During the fermentation small amounts of chlortetracycline and tetracycline are also produced. Usually the amounts are not great enough to interfere with the principal product of the fermentation nor to warrant any separate recovery step since they are usually present in the fermentation only to the extent of about 200-400 gammas per milliliter, although the relative proportion of these 5 compounds may vary considerably depending upon the particular mutant strain medium and fermentation conditions used.

It has also been observed that if the fermentation medium is low in available chloride ion (of. U8. Patent to Minieri et al. No. 2,734,018) there is produced by the new mutant strains of S. aureofaciens an unchlorinated analogue of the new compound of this invention. The new analogue may be termed 5a(11a)-dehydrotetracycline and as will be apparent it is identical to the chlorinated compound, the structural formula of which is shown hereinoefore, except that it lacks a chlorine atom in the 7-position of the naphthacene ring. The unchlorinated analogue may be catalytically reduced to tetracycline the same as described above in connection with the chlorinated compound. Similarly, the unchlorinated analogue may be converted biologically to tetracycline by suitable fermentation procedures.

In order to produce this novel unchlorinated compound, it is necessary only to modify the fermentation medium in the manner specified in the aforesaid Minieri et al. patent so that the resulting medium is low in available chloride, that is, it contains less than about 50 parts per million of chloride ion. By carrying out the fermentation in this chloride-restricted medium with the new mutant strains 5a(11a)-dehydrotetracycline may be produced.

It has also been observed that if the fermentation media contains substantial quantities of bromide ions there is produced by the new mutant strains of S. aureofnciens, a bromo analogue of the new compound of this invention. The new analogue may be termed 7-bromo- 5a(11a)-dehydrotetracycline and as will be apparent it is identical to the chlorinated compound, the structural formula of which is shown hereinabove, except that it has a bromine atom in the 7-position of the naphthacene ring instead of a chlorine atom. This new compound may also be catalytically reduced to tetracycline the same as described above in connection with the chlorianted and unchlorina-ted compounds. Similarly, it may be converted biologically to bromtetracycline by suitable fermentation procedures.

In order to produce this novel analogue, it is necessary only to modify the fermentation medium in the manner specified in the copending application of A. P. Doerschuk et al. Serial No. 580,663, filed April 25, 1956, entitled Production of Antibiotic II, so that the resulting medium contains at least 50 parts per million and preferably 100- 1500 parts per million of bromide ions and not more than 50 parts per million of chloride ions. [See also the Journal of the American Chemical Society 78, 1508 (1956).] By carrying out the fermentation in this bromide-ion-containing medium with the new mutant strains of S. aureofaciens of this invention, 7-bromo-5a(11a)-dehydrotetracycline may be produced.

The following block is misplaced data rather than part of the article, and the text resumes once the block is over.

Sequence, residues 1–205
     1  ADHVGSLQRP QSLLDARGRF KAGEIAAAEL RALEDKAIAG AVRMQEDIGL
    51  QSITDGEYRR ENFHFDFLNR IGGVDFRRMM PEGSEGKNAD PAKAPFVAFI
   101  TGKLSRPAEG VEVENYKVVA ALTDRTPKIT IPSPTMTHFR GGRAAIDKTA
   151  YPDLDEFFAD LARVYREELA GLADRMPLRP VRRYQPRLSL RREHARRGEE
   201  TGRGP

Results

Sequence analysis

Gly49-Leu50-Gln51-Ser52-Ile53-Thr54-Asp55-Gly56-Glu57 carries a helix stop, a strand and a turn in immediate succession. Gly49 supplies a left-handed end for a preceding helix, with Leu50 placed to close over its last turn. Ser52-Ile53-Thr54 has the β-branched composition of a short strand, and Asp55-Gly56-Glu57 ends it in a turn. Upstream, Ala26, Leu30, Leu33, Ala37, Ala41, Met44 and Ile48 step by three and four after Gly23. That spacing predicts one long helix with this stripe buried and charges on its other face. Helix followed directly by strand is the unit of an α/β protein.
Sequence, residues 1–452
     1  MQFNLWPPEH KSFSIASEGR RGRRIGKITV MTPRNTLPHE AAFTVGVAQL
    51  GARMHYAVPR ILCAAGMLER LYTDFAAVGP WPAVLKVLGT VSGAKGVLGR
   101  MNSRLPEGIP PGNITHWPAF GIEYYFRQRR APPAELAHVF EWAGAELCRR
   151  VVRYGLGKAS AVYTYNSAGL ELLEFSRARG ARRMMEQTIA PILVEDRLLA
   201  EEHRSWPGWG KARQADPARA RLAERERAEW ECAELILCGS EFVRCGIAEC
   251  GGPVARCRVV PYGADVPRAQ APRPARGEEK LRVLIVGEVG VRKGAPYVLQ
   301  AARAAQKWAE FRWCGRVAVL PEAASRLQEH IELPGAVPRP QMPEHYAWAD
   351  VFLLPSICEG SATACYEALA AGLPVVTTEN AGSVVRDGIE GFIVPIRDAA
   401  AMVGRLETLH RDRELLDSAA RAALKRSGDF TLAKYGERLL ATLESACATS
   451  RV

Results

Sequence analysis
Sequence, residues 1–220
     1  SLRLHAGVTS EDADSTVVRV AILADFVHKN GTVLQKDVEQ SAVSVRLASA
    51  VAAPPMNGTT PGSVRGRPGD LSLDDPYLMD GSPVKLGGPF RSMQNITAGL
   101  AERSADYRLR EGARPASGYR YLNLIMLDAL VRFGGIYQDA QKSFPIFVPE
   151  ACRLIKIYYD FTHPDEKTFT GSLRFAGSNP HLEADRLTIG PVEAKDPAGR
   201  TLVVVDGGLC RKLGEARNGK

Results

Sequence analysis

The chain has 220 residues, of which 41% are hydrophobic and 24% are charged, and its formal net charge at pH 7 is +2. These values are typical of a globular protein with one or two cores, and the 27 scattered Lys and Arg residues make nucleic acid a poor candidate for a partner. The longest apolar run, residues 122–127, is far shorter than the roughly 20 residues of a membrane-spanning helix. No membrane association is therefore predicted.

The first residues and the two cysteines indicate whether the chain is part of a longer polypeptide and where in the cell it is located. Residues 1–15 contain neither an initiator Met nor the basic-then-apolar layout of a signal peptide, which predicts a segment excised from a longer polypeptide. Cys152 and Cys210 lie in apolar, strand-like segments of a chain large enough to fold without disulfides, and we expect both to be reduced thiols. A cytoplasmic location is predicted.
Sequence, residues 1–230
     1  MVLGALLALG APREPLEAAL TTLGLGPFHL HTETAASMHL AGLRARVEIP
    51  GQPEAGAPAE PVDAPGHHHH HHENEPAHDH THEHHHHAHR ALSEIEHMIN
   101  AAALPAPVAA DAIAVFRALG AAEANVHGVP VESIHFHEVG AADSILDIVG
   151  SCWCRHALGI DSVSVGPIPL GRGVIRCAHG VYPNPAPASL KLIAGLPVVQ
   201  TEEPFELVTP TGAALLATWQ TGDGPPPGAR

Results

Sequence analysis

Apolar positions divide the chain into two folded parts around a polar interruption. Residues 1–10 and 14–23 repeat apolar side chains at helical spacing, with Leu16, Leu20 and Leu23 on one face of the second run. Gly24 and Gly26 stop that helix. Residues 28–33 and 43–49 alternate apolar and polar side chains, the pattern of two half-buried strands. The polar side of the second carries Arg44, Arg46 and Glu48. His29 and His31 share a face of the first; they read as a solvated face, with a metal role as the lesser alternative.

The 7-chloro-5a(11a)-dehydrotetracycline may be isolated from the fermentation mash by any convenient means. A preferred procedure involves a chromatographic separation in which the fermentation mash is acidified by adjusting the pH to from 1 to 2 with a suitable acid such as hydrochloric acid, sulfuric acid, etc. The mash is then filtered and the acidified aqueous filtrate containing the activity is contacted with an alcohol, such as n-butanol, for example, to form an alcoholic extract of the activity. The extract is concentrated and then chromatographed on a diatomaceous earth column in the usual manner and the column is developed with a mixture of n-butanol and 20% chloroform. The eluted fractions are concentrated and freeze-dried. The crude freeze-dried material is dissolved in methanol and crystallization of the compound in the neutral form takes place rapidly. The crystals are filtered, washed and vacuum dried in the usual manner. Any residual chlortetracycline and tetracycline that may be present can be removed by a recrystallization procedure involving dissolving the com- 4 pound in acidified methanol, filtering, neutralizing with mild alkali and crystallizing out purified 7-chloro-5a(1la)- dehydrotetracycline.

The new compounds form salts of the same type and in the same general manner as do the known tetracyclines, that is, the mineral acid salts, the alkali metal salts and the alkaline earth metal salts of the new compounds may readily be prepared. Thus, the mineral acid salts may be prepared by treatment with acids such as hydrochloric acid at a pH of less than about 4. The free base may be obtained at a pH within the range of about 4 to 7. The alkali metal and alkaline earth metal salts may be simply formed by treating the amphoteric compound with approximately one equivalent of the chosen base, i.e. sodium hydroxide, potassium hydroxide, calcium hydroxide, etc., at a pH of about 7 or higher.